First things first, you have to know the area you want to plant in. Is it right in the direct sun? Or maybe in a shady, wet area? You’ll have to select plants accordingly. The next step is to research exactly what plants grow in your area. (Keep reading and we’ll tell you how to do just that.) Consider picking plants with your local wildlife in mind—think flowers for pollinators, seeds for songbirds, berries for all the animals, and trees for them to shelter in.

  1. Plan your layout

Once you know the plants you want to use, it’s time to choose the ideal locations for them. You already know which belong in sun and in shade and can plant accordingly. The other half of the equation is letting your artistic side take over in creating visually appealing arrangements. Try planting clusters of the same plants together for an amazing focal point. Arrange plants of different heights so you can appreciate them all—shortest in the front, tallest at the back.

Plan ahead season by season so you’ll have something blooming spring, summer, and autumn. And don’t be afraid to add in extra features to add visual texture and a little extra oomph for native wildlife, like hollowed out boulders (or a good ol’ fashioned bird bath) to collect rainwater and let your neighborhood birds get some R&R.

  1. Prepare your plot

Good prep will save you plenty of headaches down the road. Thoroughly weed any area you’re planning to plant in, and make sure you get all the way down to the roots—you don’t want any of those stubborn growers coming back uninvited. Consider adding in some organic compost to boost the nutrition of your soil and give your native plants a good start in their new locale. If you’re planting near lawn grass or other cover plants that spread, make sure to use deep edging around your new plot to keep it nicely defined. No crossing boundaries here.

  1. Get to planting!

It’s the moment you’ve been waiting for: finally getting your plants in the ground. If you’ve done your research and planning right, this might actually be the easiest part of the process—although we can’t promise you won’t be a little sore the next morning. Plant on cooler days in the spring or autumn to make sure your plants don’t experience too much stress as they dig their roots in and get comfy in their new home.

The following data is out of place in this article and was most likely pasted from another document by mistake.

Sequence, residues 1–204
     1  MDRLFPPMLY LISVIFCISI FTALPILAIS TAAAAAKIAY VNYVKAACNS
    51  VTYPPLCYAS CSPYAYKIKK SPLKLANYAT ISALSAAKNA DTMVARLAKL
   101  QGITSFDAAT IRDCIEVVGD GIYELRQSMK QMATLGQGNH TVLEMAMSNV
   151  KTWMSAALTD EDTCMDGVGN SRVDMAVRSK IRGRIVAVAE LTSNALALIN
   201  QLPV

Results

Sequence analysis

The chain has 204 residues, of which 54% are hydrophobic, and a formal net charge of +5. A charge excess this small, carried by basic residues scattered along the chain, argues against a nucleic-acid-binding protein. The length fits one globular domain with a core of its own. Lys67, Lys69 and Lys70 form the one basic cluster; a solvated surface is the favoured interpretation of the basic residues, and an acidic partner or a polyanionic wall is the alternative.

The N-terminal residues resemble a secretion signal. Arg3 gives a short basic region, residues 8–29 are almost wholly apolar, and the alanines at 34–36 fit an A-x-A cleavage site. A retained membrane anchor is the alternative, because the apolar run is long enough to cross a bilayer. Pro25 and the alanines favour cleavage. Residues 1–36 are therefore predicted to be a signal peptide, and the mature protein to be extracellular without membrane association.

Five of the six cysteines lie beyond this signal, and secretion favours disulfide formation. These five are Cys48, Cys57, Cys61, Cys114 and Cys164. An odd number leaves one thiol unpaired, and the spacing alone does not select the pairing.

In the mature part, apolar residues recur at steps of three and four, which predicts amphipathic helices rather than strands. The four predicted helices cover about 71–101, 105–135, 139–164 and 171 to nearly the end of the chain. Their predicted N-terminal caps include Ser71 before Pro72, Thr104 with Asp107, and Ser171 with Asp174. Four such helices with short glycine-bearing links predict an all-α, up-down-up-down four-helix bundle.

1. Keep up the TLC

Native plant landscaping is low maintenance, but that doesn’t mean NO maintenance. Keep an eye on your scape and give it a little tending when it needs it. Pick any pesky weeds early before they can get established and feel free to supplement the rain with some watering during any dry spells. If you’re interested in creating habitats for wildlife, consider leaving some fallen leaves and branches in brush piles at the edges of your plot to provide shelter for your neighborhood animals. Most importantly, sit back and enjoy the fruits of your labor—both figuratively and possibly literally depending on what native plants you picked for your landscaping.

Pollinator Garden. Photo Credit: Canva

Resources to Create a Native Plant Plan

If you’re raring to go on native planting, we’ve got your back. There are plenty of resources available to help you find your local flora and create the perfect landscaping plan for your space and scope.

  • Are you a researcher by nature? Use an online native plant finder to discover all of the plants that grow in your area. These options will become the foundation of your native plant landscaping as you learn more about which plants suit your needs.
  • Looking for local resources? There are native plant societies across the continent that are experts in knowing exactly what grows and thrives where you live. They provide educational resources and advice to people who want to plant native.
  • Want a helping hand? Reach out to the professionals. Check in with local nurseries in your zip code to see if they have experience in native plant landscaping. (If you’re lucky, you might even have a native plant nursery near you.)

Or get in touch with our experts for online landscape design. Our team has expertise creating beautifully designed native-planted landscapes across the map. Whether you’re planting an area that’s stiflingly humid and subtropical or just hoping some of your plants will survive a forever-long winter, we can help you figure out the perfect options for your space.

With all this info under your belt, you’re ready to get your hands dirty and dive into the world of native plant landscaping. Tell us—have you incorporated any native plants into your yard already? Or do you have more questions to prep for your enviornmental landscape design? We want to hear it all.

Leave a Reply

Your email address will not be published.